When analyzing performance, looking at 95th percentile response times is one of the most useful metrics. While the average can be a good indicator, it
can be heavily skewed by lots of small requests or a few extremely long ones. Furthermore, when you look at the average number, you know that half your users got a response faster than the average, but half got a response that was worse.
The 95th percentile gives you a much better sense of response time, because it tells you what was seen by 19 out of every 20 users. If you are happy with your 95th percentile response time, you can be confident that it really is representative of the majority of your users’ experience.
The problem I run into is that the 95th percentile is a real pain to compute. Unlike the average (sum all the values and then divide by the count), there is no easy formula that you can compute in one or two lines. Generally, when I needed to compute it, I would have to open it up in Excel and use the percentile function. This is a pain for a bunch of reasons:
· You have to export your data to a machine where excel is installed and then manually load it
· Percentile just takes a range of cells, so if you want to do fine grained calculations (like 95th percentile for each distinct url in the log file), you have to go through real acrobatics like excel array functions to narrow down to just the relevant cells, or else do a lot of copy and pasting
Really what I wanted was a simple script that I could use on the command line to take a web log file (the kind you get from IIS or Tomcat or JBoss) and have it spit out the 95th percentiles for me, so I finally took the time to write one.
For a variety of reasons, I like to use awk for these kinds of tasks. Many people rightly point to the greater power and sophistication of perl, but awk has a key advantage for me – it’s part of the basic linux/cygwin installation. Many times I want to run this kind of analysis straight on the log files in a production environment, and hardened servers often don’t have perl installed at all. I would need to go through the hoops of exporting the data to another machine/environment or getting approval to have perl installed. The purpose of a tool like this to do quick, command line analysis to get pointed in the right direction, so being able to do it even on a basic environment is valuable.
In order to keep the awk script simple, I want to feed it data in an organized fashion. I’d like all the response for a page to come together, and I want them in order of increasing response time. This is best done with a sort command that can pipe the results into the awk script. Most log file lines are space delimited, like this:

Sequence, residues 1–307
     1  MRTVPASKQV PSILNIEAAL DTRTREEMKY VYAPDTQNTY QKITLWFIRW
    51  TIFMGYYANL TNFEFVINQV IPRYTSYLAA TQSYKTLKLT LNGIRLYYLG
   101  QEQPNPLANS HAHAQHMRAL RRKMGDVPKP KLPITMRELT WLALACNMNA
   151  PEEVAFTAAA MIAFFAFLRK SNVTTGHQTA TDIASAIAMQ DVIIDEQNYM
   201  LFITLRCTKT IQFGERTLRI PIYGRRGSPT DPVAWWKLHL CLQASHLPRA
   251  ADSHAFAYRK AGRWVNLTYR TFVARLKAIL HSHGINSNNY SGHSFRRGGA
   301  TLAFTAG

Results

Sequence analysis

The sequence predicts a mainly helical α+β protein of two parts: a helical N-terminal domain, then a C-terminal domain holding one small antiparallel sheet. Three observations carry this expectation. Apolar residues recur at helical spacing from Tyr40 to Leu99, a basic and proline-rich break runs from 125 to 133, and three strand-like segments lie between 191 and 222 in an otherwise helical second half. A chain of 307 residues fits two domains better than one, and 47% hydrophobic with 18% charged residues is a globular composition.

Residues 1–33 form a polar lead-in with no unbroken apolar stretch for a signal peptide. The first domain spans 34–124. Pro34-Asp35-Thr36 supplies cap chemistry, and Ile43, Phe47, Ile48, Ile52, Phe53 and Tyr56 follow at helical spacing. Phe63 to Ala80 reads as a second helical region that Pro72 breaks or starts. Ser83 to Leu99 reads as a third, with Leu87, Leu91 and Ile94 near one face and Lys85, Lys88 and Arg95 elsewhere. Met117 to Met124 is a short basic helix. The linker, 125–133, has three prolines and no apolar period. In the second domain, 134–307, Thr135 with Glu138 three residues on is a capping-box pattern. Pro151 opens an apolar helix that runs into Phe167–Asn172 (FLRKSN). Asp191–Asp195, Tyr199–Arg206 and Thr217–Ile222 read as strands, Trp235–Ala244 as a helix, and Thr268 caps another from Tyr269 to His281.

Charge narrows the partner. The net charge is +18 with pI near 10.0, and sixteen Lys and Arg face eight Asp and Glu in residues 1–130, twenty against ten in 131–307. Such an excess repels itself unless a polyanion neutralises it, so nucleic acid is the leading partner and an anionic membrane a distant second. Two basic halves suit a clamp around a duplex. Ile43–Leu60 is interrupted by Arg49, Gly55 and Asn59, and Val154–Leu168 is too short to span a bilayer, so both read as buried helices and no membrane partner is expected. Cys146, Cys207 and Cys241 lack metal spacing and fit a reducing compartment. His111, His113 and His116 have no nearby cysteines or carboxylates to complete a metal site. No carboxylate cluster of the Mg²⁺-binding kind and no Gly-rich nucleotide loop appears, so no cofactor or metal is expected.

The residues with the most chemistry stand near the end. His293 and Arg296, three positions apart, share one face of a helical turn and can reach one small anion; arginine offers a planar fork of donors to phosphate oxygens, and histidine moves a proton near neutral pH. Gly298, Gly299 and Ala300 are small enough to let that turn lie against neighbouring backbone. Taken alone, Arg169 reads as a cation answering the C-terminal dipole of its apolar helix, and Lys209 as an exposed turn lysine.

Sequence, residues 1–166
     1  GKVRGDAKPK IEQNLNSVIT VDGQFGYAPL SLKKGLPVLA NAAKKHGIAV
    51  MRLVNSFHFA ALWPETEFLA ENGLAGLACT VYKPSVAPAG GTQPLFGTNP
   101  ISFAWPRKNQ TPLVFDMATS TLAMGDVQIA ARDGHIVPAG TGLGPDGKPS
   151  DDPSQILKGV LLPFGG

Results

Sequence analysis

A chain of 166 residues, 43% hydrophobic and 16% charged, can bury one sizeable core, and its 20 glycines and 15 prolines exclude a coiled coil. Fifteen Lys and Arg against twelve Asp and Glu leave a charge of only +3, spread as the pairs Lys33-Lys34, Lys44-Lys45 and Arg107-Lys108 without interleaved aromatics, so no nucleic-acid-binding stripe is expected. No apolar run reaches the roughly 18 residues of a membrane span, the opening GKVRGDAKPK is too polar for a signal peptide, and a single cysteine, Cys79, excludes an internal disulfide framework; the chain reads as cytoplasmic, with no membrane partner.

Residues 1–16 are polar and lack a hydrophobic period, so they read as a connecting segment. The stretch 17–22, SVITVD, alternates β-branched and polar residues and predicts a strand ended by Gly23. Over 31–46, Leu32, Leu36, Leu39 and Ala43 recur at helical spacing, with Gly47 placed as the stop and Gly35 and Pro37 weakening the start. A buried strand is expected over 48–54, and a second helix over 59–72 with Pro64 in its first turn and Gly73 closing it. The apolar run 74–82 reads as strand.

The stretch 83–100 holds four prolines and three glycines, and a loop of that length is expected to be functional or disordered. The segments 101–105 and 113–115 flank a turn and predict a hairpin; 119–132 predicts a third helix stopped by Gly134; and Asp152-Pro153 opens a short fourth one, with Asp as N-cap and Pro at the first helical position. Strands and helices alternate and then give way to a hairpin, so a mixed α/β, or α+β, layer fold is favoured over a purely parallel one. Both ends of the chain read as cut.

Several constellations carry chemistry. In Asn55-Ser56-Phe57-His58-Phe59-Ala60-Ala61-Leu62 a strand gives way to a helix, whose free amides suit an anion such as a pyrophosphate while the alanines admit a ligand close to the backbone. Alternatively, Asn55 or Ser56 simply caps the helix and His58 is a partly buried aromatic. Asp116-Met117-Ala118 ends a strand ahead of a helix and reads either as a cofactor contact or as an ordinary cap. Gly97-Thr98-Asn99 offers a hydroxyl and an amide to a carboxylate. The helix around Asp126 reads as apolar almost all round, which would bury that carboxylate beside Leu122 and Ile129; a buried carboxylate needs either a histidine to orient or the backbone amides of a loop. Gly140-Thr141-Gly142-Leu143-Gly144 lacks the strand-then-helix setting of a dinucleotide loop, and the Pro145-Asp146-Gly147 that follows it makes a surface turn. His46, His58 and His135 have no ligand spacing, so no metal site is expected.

· [11/Dec/2010:00:17:16 -0500] 188.8.131.52 GET /site/home ?login=1 200 24141 183
In the example above, url is in position 5 (as delimited by spaces), and the response time is in position 9. What I want to do is sort first by the url, then by the response time, and then cut away all the other columns:
· cat logfile | sort -t ” ” -k 5,5 -k 9,9n –ignore-case | cut -d ” ” -f 5,9
Some of these sort command0line options are not frequently used, so here is what each one does:
· -t ” ” – Tells sort to use the space character as a column delimiter
· -k 5,5 – Sort first by column 5
· -k 9,9n – Next sort by column 9, but treat the value as a number, so 175 should come before 1289
· –ignore-case – Treat text as case-insensitive, since I don’t care about case differences when computing page times
Okay, so now I have my log file sorted by with all urls together, and response time steadily increasing. Now I need to compute the page times.
I am doing this somewhat crudely – for each page, I keep track of all of the response time numbers in an array, and when I hit the last one, I just grab the one that is at the 95th percentile position. The biggest issue here is that it requires keeping the response numbers in memory, but since it is only for one url at a time, you would need an enormous log file on a machine with very limited ram to run into the issue.
Here’s the script:
As I said, it is crude, but effective. It differs from Excel’s numbers in that it doesn’t do fancy things like interpolate a 95th percentile if there are fewer than 100 values. However, this script is more for triage, and numbers at those low traffic levels lack statistical significance anyways.
Putting it all together, you would run this on the log file:
· cat logfile | sort -t ” ” -k 5,5 -k 9,9n –ignore-case | cut -d ” ” -f 5,9 | awk -f compute_performance.awk
And you would get an output like this:
From here, you can sort by hit frequency, 95th percentile time, etc. You can also use it to compute 95th percentiles by other metrics in the log file, such as by hour or by ip address.